With the 30’s coming to an end, each member of the budding CPI was liberated. Brand new public interest and a reduction in British scrutiny meant that the members could finally unite the nation’s communists under one banner.
The CPI began to search far and wide for areas where they could expand their influence and gain their foothold in, and ironically, the region they targeted upon first wasn’t even a part of independent India, for it was the princely state of Hyderabad.
In Hyderabad, traditional methods of collecting money were utilized by landowners, for the Nizam, Asif Jah VII, owned nearly 45% of the state’s land, which was then awarded to landlords known as jagirdars.
They weren’t, though, controlled by the Nizam, for he had long relinquished totalitarian control over the Muslim elite’s holdings in favor of retaining their support.
This meant that the landowners’ treatment of their peasants wouldn’t be regulated, who were completely dependent on their lords for life’s needs and amenities. The dependency ensured that fair treatment wouldn’t be given to farmers unless their employers happened to be altruistic, and wages were, sometimes, non-existent.
These factors weighed in to ensure that the peasants of Hyderabad had it much tougher than even other similarly downtrodden farmers throughout India.
For the CPI, realization dawned that the farmer’s emotional energy could be channelized to create an endemic revolution exclusive to the princely state, although that would be straying from the Communists’ ultimate goal of overthrowing the Indian government.
The communists interacted with the peasants and educated them on their ideology, which led to the rebellion quickly spreading through Hyderabad for it enamored farmers, who were readily provided with weapons and equipment by the CPI to form miniature militias which could war against the landowners and the Nizam’s authorities.
The CPI’s supporters managed to overthrow landowners throughout the Telangana region, and although they were now emancipated, the peasants still pledged their loyalty to the communists and left administrative matters in their hands. Hence, the CPI had an entire stretch of land in Hyderabad under their control, one which would display the real world consequences of their policies and actions.
The CPI did what even Indian state governments couldn’t do at the time, successfully distributing land and resources such as livestock among the farmers, while increasing wages and eradicating norms to attempt and bring about egalitarianism.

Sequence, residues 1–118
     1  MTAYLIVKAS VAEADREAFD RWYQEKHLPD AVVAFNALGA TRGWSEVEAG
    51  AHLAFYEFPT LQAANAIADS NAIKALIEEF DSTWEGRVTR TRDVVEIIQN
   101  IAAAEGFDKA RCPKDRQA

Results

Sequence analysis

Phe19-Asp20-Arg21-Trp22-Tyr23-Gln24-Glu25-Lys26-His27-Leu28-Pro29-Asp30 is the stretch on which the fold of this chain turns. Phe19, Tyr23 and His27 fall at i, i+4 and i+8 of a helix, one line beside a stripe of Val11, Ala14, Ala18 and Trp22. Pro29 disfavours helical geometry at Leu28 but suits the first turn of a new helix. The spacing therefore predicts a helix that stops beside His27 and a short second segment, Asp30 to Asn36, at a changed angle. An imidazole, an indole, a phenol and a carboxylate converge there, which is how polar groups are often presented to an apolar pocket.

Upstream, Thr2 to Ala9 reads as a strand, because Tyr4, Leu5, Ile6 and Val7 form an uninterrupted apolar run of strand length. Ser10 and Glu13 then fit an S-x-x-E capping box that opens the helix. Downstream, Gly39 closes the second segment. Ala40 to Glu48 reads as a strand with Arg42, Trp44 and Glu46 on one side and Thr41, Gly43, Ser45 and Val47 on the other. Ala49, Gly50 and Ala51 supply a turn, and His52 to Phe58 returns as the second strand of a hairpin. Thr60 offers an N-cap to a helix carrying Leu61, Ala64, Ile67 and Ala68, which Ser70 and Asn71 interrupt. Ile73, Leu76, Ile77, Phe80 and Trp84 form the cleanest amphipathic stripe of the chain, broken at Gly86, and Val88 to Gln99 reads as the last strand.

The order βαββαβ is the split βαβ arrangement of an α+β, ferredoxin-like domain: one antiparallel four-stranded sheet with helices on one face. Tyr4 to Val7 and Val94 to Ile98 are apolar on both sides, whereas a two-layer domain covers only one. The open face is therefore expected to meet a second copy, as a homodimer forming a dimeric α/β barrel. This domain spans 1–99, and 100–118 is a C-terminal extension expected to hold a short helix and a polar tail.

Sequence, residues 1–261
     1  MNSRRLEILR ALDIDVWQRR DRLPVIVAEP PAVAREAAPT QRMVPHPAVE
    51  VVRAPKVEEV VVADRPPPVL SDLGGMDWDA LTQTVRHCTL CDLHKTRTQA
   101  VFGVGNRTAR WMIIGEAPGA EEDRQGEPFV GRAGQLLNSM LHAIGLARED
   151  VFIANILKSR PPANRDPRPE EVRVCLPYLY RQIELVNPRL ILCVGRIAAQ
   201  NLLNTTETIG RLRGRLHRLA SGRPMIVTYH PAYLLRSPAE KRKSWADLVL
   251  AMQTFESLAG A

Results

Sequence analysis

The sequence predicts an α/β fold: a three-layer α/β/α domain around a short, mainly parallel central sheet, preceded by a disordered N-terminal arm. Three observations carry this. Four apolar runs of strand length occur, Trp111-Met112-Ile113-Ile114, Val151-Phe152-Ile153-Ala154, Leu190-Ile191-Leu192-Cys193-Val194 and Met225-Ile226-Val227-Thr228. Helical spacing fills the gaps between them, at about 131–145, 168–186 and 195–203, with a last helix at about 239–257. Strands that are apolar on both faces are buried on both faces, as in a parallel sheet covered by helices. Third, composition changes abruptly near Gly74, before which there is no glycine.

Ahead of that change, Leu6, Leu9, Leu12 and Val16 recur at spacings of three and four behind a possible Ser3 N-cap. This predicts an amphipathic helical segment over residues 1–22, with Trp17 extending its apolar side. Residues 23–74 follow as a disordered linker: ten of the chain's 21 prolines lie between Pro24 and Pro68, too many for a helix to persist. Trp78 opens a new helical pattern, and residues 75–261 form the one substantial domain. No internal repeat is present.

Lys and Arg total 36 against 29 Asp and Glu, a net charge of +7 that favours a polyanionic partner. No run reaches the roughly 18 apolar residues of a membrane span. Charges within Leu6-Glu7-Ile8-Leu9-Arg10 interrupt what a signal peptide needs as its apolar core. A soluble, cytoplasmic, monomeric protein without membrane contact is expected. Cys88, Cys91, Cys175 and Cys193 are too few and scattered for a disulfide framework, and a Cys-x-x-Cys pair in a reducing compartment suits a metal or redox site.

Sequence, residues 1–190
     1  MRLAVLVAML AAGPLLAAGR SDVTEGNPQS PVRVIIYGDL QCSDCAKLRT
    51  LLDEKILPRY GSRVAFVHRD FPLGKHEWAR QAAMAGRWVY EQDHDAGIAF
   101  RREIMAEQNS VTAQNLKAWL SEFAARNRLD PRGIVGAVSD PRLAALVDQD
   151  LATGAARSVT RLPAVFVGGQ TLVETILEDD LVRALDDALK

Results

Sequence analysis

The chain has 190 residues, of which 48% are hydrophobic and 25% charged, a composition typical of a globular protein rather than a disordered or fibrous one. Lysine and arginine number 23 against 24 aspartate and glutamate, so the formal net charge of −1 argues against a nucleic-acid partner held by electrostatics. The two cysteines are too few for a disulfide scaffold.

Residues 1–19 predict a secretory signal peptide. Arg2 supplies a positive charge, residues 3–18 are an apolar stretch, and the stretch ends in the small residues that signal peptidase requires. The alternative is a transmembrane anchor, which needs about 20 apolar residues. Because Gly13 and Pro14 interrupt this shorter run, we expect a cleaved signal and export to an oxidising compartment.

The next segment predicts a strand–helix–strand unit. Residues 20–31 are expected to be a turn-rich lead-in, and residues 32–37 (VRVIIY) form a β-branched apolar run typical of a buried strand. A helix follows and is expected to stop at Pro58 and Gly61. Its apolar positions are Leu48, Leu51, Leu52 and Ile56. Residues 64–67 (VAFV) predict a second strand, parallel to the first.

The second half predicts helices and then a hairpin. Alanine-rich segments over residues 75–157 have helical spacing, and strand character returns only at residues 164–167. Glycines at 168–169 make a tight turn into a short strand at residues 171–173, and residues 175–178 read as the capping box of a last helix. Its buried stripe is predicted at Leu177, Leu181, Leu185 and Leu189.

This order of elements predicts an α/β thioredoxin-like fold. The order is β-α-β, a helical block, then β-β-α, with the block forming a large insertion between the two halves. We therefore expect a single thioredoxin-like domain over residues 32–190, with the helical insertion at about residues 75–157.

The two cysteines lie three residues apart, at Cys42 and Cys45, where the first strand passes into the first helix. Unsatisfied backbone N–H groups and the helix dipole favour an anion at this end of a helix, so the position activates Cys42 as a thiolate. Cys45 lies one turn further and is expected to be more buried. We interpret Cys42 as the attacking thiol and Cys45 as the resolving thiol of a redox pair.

The farmers had benefited greatly under the CPI, and banded with them to further revolt and emancipate others in the farming community from their landlords. But, that would require confrontation, and with a greater enemy than they had come across before.
Concentrated funding from the Muslim elite in Hyderabad helped establish the private military comprised of the so-called Razakars, highly equipped (and bigoted) professional soldiers who would engage in conflict against the communists and peasants.
Fighting between the Nizam’s Razakars and the farmers took the shape of a regional turf war within weeks, with the authorities frequently raiding villages and capturing their populations in a bid to contain the communists’ rising influence, crushing potential supporters and allies before their conversion.
The farmers too eliminated all jagirdars and lords in their path, while employing a method to survive against the Razakars that’s the hallmark for modern day Naxalites – guerilla warfare.
The lack of direct conflict and frequent raids meant that the fighting would be kept covert and keep raging. The Razakars’ failure to eradicate the communists resulted in the entire state’s peasants gathering together to launch a greater revolt against the Nizam himself, and the path to defeat him led the CPI supported peasants to the capital of Hyderabad, where the rebellion got truly ugly.
The peasants purged the homes of the elite and enacted their own justice in the form of cold blooded murder, while the Razakars came to oppress Hindus and progressive Muslims, while raping thousands of women too, ensuring that the violence became meaningless.
These transpiring events spurned concern in mainland India, for 1948 also happened to be the year when a treaty of importance came to lapse.